OnStar Inc. President Chris Preuss is directing a group to study business opportunities from which his company might reap additional revenues, in addition to its electronic concierge service, by marketing its considerable storehouse of vehicle and driver data.

No decisions have been reached, Preuss tells Ward's at a press conference in New York. "I don't know yet what we can do with a lot of these data."

OnStar has been approached by companies, including insurance firms, seeking to make use of the data the company has accumulated in its 14 years of operation.

For instance, if OnStar subscribers wanted to send driving behavior and performance to their insurers, "we can facilitate that," Preuss says.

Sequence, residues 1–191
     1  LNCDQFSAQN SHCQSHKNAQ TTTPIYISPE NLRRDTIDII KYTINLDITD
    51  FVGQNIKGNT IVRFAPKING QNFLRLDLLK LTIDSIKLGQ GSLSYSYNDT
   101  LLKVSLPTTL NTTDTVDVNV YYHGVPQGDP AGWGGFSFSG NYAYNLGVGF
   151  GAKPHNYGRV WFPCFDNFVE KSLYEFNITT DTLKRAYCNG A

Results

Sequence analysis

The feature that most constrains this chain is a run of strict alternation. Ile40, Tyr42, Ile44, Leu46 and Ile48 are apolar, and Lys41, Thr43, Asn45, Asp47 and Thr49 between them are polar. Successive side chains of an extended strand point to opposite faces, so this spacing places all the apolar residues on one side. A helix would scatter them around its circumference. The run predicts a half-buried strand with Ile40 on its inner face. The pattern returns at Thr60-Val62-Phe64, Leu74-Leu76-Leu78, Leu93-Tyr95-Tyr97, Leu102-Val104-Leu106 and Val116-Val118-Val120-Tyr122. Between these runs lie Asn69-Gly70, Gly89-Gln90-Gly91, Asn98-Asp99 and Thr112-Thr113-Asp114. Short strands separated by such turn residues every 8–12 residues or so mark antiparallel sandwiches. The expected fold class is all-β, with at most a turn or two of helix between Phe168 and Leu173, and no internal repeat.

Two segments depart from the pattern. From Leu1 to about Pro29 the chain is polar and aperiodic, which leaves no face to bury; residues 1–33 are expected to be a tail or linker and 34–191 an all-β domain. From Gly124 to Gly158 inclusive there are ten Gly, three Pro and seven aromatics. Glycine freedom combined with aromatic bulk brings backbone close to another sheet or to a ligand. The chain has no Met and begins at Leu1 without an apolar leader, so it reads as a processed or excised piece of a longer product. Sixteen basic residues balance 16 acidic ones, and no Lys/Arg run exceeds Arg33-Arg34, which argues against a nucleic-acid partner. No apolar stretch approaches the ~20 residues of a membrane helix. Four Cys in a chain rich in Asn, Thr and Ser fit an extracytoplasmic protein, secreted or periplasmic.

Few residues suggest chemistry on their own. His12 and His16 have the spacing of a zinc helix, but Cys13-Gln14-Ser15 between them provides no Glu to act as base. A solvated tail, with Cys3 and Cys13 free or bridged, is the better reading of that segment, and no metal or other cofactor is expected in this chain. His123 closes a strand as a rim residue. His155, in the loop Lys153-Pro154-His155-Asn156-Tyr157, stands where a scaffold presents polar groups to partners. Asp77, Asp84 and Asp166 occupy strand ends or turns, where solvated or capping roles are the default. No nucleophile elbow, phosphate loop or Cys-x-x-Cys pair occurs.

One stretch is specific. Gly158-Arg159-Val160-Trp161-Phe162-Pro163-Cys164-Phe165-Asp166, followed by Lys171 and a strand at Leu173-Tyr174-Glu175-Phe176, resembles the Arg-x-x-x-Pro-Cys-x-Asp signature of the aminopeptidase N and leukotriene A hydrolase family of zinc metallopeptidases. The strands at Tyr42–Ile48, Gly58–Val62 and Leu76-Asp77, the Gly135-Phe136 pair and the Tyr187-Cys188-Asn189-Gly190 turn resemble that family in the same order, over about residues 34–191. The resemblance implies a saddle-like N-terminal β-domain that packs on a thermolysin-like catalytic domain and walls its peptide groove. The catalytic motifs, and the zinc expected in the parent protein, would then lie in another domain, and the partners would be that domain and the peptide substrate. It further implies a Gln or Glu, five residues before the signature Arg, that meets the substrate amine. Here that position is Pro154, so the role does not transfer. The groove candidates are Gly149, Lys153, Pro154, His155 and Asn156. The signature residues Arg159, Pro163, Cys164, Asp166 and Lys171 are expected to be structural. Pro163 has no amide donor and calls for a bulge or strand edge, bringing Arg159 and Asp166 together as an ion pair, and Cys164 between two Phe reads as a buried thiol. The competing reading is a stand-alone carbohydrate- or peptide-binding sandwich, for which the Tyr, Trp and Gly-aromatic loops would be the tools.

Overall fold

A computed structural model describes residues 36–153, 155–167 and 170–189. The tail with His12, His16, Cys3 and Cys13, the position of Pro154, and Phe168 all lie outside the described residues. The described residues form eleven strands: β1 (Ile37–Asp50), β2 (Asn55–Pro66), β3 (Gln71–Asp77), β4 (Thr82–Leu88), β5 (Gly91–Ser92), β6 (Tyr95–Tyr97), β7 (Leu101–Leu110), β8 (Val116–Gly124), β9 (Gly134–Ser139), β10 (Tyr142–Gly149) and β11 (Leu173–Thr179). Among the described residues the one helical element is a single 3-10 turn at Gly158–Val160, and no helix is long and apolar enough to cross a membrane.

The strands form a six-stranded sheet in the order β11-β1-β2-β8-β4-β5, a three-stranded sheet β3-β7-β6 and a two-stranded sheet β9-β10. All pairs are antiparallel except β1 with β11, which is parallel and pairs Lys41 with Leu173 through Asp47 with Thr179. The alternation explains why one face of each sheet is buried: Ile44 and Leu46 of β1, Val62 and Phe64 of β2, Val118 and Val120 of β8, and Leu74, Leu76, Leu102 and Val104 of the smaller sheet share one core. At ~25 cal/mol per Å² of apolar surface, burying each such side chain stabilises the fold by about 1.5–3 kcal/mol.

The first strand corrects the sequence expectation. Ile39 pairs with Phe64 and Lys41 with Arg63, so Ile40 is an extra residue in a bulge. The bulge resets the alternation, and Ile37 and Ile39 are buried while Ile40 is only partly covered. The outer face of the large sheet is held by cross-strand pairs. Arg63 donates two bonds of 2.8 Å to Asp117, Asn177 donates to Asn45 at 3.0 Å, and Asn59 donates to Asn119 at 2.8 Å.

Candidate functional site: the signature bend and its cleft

Parents could request OnStar send a text message if their newly licensed teen hits 80 mph (129 km/h) while cruising in the family car alone. Parents could prove their children present a lesser "risk" profile from others in their age group, he says.

An insurance company might offer discounts on insurance premiums with that kind of evidence, Preuss suggests. But regulatory issues complicate that kind of scenario in some states that might rule such a discount gives certain customers an unfair advantage over those who aren't OnStar subscribers.